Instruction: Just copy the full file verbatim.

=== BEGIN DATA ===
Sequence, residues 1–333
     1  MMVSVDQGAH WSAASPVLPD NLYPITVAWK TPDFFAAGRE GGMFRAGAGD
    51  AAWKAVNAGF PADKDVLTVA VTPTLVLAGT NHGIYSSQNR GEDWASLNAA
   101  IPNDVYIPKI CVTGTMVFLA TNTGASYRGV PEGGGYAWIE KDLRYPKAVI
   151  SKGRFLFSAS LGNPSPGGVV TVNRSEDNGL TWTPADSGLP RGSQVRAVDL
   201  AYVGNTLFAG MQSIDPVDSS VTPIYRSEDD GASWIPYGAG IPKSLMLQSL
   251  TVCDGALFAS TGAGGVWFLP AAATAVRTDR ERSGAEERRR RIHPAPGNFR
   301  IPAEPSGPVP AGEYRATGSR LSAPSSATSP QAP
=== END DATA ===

Sequence, residues 1–333
     1  MMVSVDQGAH WSAASPVLPD NLYPITVAWK TPDFFAAGRE GGMFRAGAGD
    51  AAWKAVNAGF PADKDVLTVA VTPTLVLAGT NHGIYSSQNR GEDWASLNAA
   101  IPNDVYIPKI CVTGTMVFLA TNTGASYRGV PEGGGYAWIE KDLRYPKAVI
   151  SKGRFLFSAS LGNPSPGGVV TVNRSEDNGL TWTPADSGLP RGSQVRAVDL
   201  AYVGNTLFAG MQSIDPVDSS VTPIYRSEDD GASWIPYGAG IPKSLMLQSL
   251  TVCDGALFAS TGAGGVWFLP AAATAVRTDR ERSGAEERRR RIHPAPGNFR
   301  IPAEPSGPVP AGEYRATGSR LSAPSSATSP QAP